The Eyeball Tattoo FAQ

**Please note that as of 2020, there have been a few documented cases of both temporary and permanent blindness associated with this procedure. The risks are great and real and this procedure has been banned in several places because of the risks it poses. – BME**

Eyeball Tattooing FAQ
by Shannon Larratt


  • Unless otherwise indicated, this document refers to scleral tattooing (over the white of the eye) using the ink injection method, rather than to corneal tattooing (over the iris) using repetitive needle punctures.
  • This document is under constant revision and reflects the current amateur understanding of the art of eyeball tattooing. It should not be taken as definitive or absolute advice. This document is not medical advice. This document will be updated whenever relevant and possible, so please check back for updates.
  • Eyeball tattooing carries with it significant risks up to and including blindness and life-threatening complications. Nothing in this document should be taken as condoning or recommending or encouraging eyeball tattoos, or presenting it as safe. Proceed at your own risk.
  • Because this FAQ is constantly changing, please do not reprint it elsewhere. Instead, please link directly to where it is hosted:


Current Version: 1.1 / November 21, 2012

Updates since the previous version are highlighted in red (like this).

1.1 – Added additional risks information (glaucoma, ocular hypotension, etc.), multicolor inks, and various notes.
1.0 – FAQ updated after long talk with Howie/LunaCobra
0.9 – Original version written by Shannon Larratt

** What is eyeball tattooing?

Eyeball tattooing, in the context of this FAQ, is the process of permanently altering the color of the eye. Generally this refers to the injection of ink under the surface of the white of the eye, rather than changing the color of the iris, although this is theoretically possible.

** Why would someone want to tattoo their eye?

This is a rude question that no one should feel obligated to answer to anyone but themselves. But to generalize, people get eyeball tattoos for the same reasons people would get any tattoo or make any permanent change to themselves — because it makes them happy or feels right in some way. Because they like the way it looks. Because it suits them spiritually. Because they find it sexually appealing. Because they want to differentiate themselves from others. Because they feel tattooing has gotten to mainstream and want something more socially offensive. Because they saw it in a dream. Because it appeals to them as an artist. Because they want to make a political statement. Because they’re mad at their mommy for not hugging them enough. Because it’s none of your business.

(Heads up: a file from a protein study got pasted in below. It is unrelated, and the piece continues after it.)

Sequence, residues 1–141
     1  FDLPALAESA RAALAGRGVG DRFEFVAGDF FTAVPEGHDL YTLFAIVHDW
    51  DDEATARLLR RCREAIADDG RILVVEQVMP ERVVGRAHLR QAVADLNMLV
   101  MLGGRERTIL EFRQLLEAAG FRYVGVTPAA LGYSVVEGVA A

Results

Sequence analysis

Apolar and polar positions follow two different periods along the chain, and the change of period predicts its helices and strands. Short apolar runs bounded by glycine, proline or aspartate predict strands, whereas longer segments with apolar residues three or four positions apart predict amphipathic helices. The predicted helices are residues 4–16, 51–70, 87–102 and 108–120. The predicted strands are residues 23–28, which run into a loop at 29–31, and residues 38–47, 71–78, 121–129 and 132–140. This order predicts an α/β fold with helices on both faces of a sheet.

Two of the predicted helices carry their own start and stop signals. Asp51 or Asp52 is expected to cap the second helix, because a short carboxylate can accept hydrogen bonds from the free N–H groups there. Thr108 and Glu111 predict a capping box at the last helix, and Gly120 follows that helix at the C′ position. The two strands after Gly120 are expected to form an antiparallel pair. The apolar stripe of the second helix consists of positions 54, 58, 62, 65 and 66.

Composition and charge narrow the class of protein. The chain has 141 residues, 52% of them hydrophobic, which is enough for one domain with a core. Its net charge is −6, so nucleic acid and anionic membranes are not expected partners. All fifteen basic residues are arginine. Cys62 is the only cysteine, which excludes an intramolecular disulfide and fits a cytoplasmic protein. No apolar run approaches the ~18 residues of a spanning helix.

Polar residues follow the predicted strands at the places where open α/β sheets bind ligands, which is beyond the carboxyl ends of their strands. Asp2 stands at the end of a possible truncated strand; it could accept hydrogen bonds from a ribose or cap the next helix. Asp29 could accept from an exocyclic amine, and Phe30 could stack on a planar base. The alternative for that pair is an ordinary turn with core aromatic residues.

** Wouldn’t it be better to just wear full-eye (scleral) contacts?

Full-eye or scleral contacts are typically extremely uncomfortable and hard on the eye. Special effects lenses of this type (versus specialty medical lenses) are not intended to be worn for more than a few hours at a time, no more than six hours at a time, and only occasionally. Wearing scleral contacts on a constant or even regular basis carries with it significant medical risks and is probably much more dangerous than eye tattoos. However, if you’re not sure this is something you want to commit your life to, this could be an excellent but temporary alternative.

** How, anatomically, is an eyeball tattoo different from a normal tattoo in skin?

The structure of the dermis/skin is anatomically very different from the structure of the eye. A tattoo in the skin is below the constantly regenerating epidermis, with the ink being deposited inside the more stable dermis. The particles of pigment become trapped among the cells of the dermis. In an eyeball tattoo, the pigment is trapped between the conjunctiva and the sclera of the eye — squeezed between two flat layers, like jelly in a sandwhich. In the case of corneal tattooing, the ink is below the corneal epithelium, sitting significantly above the iris. It is not placed into the iris itself, which is much deeper. While ink in a standard tattoo is effectively locked in place, ink in an eyeball tattoo can remain mobile, and is able to shift or even migrate fully out of the eye years after the procedure is done.

** What are the different procedures used for eyeball tattooing?